Substition For Self Rising Flour

Baking By ginnyroyal Updated 24 Jun 2011 , 4:56am by josefina20

ginnyroyal Posted 23 Jun 2011 , 7:22am
post #1 of 9

Hi,
Can anyone tell me how much baking soda and baking powder I need to add to reg. flour to make it self-rising flour?

8 replies
tania9 Posted 23 Jun 2011 , 8:52am
post #2 of 9

Hi, self raising flour is just 1 cup of plain flour with 2 teaspoons of baking powder.

LindaF144a Posted 23 Jun 2011 , 12:04pm
post #3 of 9

2 teaspoons is not the correct amount for conversion to US measurement.

Self-rising flour has 1 teaspoon of baking powder and 1/2 teaspoon salt per cup of flour.

Lita829 Posted 23 Jun 2011 , 12:30pm
post #4 of 9
Quote:
Originally Posted by LindaF144a

2 teaspoons is not the correct amount for conversion to US measurement.

Self-rising flour has 1 teaspoon of baking powder and 1/2 teaspoon salt per cup of flour.




You are also using cake flour opposed to AP flour, correct? When I first joined CC back in 2009, I was a part of a yellow cake scratch off and one of the ladies stated to mix 2tsp of baking powder and 1/2 tsp salt per 1 C of CAKE FLOUR. I think that your measurements are right because my cakes made with a recipe using the homemade self-rising cake flour would sometimes fall and I think it was because there was too much baking powder. Thanks for the info icon_smile.gif

LindaF144a Posted 23 Jun 2011 , 12:55pm
post #5 of 9

That is an interesting observation. I did read that self-rising flour is made from a softer wheat just like cake flour. I have yet to find any thing that says if you use cake flour, to use less leavening. The general rule of thumb is 1 tsp to 1 cup flour with no allowance for the less weight of cake flour. That is why I have been starting to question that general rule of thumb.

The best way to tell if you have too much BP is what happens while the cake is baking. Does it rise to a dome and then fall before it comes out of the oven, and then go concave afterwards too? Too much leavening. My scratch cakes will rise and stay risen before coming out of the oven. When they come out, they will settle to a nice flat surface. I also will lightly pat it down while it is still warm and this helps also. But if it stays risen until it is finished baking and out of the oven then it is not a case of too much leavening.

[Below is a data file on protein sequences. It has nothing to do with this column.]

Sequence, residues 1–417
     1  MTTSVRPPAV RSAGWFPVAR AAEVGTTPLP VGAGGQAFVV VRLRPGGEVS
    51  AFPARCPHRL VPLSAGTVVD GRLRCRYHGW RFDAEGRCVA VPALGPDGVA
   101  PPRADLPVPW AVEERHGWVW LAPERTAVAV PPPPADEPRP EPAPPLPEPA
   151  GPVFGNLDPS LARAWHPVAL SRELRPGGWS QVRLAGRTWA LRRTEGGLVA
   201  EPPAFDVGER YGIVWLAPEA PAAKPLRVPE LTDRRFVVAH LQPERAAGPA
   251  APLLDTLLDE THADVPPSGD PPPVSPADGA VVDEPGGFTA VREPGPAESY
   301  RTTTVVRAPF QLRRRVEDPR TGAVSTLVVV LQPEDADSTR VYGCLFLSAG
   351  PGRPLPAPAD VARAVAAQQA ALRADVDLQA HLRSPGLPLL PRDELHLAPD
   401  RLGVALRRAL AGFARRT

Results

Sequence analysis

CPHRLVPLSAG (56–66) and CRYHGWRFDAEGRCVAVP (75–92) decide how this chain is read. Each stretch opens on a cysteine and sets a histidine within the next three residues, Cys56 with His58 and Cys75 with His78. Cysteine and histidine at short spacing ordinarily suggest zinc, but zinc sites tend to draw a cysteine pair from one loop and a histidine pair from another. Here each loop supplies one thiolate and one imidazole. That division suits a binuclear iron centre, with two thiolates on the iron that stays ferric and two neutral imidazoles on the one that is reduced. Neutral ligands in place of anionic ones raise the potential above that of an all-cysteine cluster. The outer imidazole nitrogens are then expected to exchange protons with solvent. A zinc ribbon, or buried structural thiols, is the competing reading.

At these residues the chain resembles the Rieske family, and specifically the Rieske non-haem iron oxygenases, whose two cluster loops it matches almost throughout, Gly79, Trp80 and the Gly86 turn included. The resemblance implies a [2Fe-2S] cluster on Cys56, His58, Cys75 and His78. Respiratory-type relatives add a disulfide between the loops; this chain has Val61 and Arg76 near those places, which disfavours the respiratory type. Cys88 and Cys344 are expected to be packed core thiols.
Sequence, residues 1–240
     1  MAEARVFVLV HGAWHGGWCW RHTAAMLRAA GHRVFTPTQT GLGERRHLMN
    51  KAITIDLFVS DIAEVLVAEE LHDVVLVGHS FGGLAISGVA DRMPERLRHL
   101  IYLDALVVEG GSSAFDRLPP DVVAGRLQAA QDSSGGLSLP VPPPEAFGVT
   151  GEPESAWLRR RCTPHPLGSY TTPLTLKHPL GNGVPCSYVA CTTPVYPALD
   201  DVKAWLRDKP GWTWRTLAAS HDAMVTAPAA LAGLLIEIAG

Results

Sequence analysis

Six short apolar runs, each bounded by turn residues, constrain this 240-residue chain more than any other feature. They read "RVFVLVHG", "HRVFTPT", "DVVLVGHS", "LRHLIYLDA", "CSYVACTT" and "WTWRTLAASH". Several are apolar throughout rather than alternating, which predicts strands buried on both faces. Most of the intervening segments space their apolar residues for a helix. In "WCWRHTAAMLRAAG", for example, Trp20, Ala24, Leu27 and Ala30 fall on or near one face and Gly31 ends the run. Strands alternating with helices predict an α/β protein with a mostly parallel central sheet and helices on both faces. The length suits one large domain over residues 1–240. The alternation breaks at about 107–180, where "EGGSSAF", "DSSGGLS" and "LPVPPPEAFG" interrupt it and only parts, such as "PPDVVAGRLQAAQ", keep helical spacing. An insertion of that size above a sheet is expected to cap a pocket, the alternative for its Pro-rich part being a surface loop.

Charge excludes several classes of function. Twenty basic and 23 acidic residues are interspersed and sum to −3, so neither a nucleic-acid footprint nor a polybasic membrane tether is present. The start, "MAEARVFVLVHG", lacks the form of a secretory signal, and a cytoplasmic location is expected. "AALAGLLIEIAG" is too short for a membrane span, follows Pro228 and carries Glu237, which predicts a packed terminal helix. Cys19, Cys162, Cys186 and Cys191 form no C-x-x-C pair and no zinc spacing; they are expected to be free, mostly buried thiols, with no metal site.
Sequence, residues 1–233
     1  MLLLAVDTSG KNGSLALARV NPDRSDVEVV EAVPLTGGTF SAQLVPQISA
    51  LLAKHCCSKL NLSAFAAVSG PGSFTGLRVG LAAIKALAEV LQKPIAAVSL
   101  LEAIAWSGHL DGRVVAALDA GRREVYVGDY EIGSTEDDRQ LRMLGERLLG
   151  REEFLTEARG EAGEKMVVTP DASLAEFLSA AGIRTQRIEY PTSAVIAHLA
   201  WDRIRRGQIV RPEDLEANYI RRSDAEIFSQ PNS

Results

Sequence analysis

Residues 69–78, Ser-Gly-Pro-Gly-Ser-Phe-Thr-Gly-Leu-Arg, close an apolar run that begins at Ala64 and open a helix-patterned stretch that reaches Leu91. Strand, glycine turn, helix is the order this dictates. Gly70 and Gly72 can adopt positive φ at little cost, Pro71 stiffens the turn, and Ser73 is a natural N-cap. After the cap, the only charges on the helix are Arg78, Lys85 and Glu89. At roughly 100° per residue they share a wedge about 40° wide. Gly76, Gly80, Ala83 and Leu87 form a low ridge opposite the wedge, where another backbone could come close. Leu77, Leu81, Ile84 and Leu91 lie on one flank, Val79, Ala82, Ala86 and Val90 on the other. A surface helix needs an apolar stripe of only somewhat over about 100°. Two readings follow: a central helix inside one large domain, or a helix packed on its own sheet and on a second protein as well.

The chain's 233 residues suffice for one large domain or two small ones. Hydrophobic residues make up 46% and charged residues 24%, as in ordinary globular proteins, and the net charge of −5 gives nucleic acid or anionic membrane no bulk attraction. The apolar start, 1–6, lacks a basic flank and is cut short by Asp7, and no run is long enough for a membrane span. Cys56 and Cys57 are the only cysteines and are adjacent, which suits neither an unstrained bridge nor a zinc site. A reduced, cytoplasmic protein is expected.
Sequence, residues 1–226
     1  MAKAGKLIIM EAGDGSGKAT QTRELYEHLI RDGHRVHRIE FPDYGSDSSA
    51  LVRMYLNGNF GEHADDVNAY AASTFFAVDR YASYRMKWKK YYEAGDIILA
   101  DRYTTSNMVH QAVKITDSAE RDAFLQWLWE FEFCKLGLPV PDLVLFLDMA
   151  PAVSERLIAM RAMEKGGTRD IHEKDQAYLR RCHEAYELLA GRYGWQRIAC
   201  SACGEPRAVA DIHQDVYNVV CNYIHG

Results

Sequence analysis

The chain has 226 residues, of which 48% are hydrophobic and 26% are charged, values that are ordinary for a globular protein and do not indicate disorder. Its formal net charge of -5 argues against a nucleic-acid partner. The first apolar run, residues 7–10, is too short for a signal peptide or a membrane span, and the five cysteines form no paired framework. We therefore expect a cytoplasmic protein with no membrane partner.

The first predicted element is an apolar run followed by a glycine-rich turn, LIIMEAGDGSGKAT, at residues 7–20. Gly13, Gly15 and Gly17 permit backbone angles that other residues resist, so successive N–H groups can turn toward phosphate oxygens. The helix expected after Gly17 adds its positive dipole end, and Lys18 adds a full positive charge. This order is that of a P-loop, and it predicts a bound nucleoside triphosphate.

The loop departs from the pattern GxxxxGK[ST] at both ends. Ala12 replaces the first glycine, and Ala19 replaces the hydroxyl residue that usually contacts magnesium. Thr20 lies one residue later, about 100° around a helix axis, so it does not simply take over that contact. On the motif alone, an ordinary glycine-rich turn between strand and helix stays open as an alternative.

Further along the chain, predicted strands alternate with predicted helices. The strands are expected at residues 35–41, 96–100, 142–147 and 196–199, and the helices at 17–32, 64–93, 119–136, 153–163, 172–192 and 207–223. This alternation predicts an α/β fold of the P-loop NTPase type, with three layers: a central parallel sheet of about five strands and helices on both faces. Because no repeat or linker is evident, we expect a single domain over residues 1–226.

Hope this helps and does not confuse you.

Lita829 Posted 23 Jun 2011 , 1:20pm
post #6 of 9

From what you just described...it was the leavening. It's a good recipe but I got so frustrated because the cakes kept falling so I stopped using it. Its the Magnolia Bakery Lemon Cake Recipe. I haven't tried the recipe in over a year. All other recipes come out fine.

I may retry the Magnolia recipe with the proportions of baking powder that you gave to see how it comes out.

Thanks again icon_smile.gif

LindaF144a Posted 23 Jun 2011 , 1:23pm
post #7 of 9
Quote:
Originally Posted by Lita829

From what you just described...it was the leavening. It's a good recipe but I got so frustrated because the cakes kept falling so I stopped using it. Its the Magnolia Bakery Lemon Cake Recipe. I haven't tried the recipe in over a year. All other recipes come out fine.

I may retry the Magnolia recipe with the proportions of baking powder that you gave to see how it comes out.

Thanks again icon_smile.gif




That is the main reason why I don't like their recipes, all that self-rising flour. You have no control over the results. But then again I think that is why you will see some recipes with some self-rising flour and some regular flour added in.

Keep me posted on your results for the cake. I would be curious.

auzzi Posted 24 Jun 2011 , 4:35am
post #8 of 9

1 cup [AU] plain flour [250ml volume] + 2 teaspoons AU baking powder [no salt - bp contains salt] = 1 cup [AU] self raising/rising flour [250ml volume]

1 cup [US] all purpose flour [240ml volume] + 1 or 1.25 or 1.5 teaspoons US baking powder* + 0.25 or 0.5 teaspoons salt* = 1 cup [AU] self raising/rising flour [250ml volume]

Different cup sizes, different baking powders, different wheat flours ...

http://www.kitchensavvy.com/journal/2008/01/self-rising-flo.htmlhttp://www.pastrywiz.com/archive/recipe/0120.htm
http://baking.about.com/cs/hintsandtips/ht/selfrisingflour.htm
http://greekfood.about.com/od/doityourself/qt/farin_ap.htm
http://www.astray.com/recipes/?show=Self-rising%20flour-substitution

Note: UK amounts for baking power per weight/cup plain flour also varies widely.

josefina20 Posted 24 Jun 2011 , 4:56am
post #9 of 9

this is great post, i wanted to make a cake, but i did not have the self R flour the recipe call for, now i can make my own. thanks

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